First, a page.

Bouchard, Lucien lüsyăN´ bo͞oshär´ [key], 1938–, French-Canadian separatist leader, b. Quebec. A lawyer and a political ally of Brian Mulroney, Bouchard served under him as Canada's ambassador to France (1985–88) and environment minister (1989–90). In 1990 he broke with Mulroney and the Progressive Conservative party over the failed Meech Lake Accord and formed the Bloc Québécois, a Quebec separatist party intended to complement the provincial Parti Québécois (PQ) on the federal level. In the 1993 elections the party became the second largest in the Canadian parliament, and the charismatic Bouchard became leader of the opposition. He lost a leg to a life-threatening bacterial infection in 1994 but returned to his seat in Commons and in 1995 nearly led separatism's supporters to victory in a Quebec referendum. Bouchard resigned from the parliament in 1996 to become Quebec's premier and leader of the PQ; he resigned as premier and party leader early in 2001.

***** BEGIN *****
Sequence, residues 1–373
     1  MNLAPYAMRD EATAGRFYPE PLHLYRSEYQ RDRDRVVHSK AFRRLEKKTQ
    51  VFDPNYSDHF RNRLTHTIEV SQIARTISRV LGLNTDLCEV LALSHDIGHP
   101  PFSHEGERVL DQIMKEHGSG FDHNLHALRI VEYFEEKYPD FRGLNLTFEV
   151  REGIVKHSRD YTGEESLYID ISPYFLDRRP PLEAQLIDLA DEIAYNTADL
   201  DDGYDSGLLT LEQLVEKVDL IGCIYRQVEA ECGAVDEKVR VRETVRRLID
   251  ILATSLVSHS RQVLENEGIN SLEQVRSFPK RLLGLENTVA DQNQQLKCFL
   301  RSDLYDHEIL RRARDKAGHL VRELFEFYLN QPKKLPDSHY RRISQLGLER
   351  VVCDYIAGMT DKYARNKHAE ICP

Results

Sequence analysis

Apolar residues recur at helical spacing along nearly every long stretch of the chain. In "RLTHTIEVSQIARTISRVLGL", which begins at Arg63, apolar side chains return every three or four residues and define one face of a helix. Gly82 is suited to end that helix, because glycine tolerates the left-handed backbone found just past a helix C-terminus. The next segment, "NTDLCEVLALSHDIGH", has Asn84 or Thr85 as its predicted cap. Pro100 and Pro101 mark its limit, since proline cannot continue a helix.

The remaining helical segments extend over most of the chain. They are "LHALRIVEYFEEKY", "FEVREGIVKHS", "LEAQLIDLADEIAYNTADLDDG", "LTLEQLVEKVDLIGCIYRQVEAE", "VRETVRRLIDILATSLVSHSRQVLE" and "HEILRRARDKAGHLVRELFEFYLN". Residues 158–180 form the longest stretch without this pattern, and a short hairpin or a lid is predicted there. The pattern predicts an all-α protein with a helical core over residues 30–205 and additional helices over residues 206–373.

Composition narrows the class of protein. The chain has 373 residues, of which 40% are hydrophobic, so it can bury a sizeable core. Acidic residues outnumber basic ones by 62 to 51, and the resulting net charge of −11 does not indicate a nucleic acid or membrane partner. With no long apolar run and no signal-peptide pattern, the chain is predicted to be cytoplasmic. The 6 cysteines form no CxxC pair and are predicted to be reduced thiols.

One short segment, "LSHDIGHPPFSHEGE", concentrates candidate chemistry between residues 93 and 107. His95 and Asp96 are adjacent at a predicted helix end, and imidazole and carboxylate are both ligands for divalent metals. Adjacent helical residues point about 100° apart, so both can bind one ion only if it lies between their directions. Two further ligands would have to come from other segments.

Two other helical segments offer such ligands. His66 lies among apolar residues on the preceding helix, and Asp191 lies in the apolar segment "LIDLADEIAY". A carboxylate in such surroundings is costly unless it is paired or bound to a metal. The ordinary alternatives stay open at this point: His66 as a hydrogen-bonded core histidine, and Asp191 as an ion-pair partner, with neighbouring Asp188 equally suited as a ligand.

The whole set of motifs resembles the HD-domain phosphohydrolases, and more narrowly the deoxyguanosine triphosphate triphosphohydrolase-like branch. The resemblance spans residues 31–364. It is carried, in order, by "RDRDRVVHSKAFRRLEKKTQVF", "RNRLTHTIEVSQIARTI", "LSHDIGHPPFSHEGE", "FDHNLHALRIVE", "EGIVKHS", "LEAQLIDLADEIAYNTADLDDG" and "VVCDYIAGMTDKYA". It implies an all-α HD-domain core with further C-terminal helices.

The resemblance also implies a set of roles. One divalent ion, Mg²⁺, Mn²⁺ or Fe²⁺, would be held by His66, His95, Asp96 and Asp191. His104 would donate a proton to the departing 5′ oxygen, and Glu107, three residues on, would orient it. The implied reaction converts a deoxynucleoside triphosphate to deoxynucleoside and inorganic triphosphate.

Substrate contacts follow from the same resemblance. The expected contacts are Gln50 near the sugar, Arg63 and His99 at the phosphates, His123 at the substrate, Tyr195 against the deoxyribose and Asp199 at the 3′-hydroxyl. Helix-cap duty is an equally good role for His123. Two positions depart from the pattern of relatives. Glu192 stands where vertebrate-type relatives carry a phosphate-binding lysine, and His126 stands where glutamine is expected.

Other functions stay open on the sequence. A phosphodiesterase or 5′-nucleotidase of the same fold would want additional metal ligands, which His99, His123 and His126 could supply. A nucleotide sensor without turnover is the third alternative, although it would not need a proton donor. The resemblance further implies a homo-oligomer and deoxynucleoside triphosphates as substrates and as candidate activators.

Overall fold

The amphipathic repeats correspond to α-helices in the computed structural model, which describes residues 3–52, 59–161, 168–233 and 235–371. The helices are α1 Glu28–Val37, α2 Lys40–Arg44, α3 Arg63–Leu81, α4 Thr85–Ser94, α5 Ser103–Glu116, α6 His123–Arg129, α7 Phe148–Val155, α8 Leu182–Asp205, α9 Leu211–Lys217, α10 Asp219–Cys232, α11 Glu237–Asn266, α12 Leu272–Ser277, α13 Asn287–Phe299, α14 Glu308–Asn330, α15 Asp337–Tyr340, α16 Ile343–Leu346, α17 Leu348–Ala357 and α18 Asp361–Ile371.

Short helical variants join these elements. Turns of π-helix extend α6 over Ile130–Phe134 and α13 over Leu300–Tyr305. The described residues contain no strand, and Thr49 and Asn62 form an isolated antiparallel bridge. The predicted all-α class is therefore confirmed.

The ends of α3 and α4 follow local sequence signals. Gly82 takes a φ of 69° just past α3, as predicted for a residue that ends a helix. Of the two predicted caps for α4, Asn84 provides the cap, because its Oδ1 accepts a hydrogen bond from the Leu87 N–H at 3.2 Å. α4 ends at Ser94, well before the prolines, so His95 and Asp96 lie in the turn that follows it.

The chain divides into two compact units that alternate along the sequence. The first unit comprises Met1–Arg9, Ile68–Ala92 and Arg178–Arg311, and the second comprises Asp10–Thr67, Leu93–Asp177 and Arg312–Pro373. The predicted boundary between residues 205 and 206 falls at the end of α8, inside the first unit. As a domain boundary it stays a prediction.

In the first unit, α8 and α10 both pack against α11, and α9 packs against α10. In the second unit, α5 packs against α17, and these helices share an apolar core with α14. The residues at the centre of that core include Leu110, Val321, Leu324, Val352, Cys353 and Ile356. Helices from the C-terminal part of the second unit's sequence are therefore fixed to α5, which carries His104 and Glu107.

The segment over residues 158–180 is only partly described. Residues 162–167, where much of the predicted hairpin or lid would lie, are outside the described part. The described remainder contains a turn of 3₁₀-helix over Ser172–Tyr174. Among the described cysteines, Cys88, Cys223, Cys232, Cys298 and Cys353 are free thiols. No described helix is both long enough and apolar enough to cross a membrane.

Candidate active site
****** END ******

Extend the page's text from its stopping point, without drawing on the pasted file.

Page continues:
The Columbia Electronic Encyclopedia, 6th ed. Copyright © 2022, Columbia University Press. All rights reserved.
See more Encyclopedia articles on: Canadian History: Biographies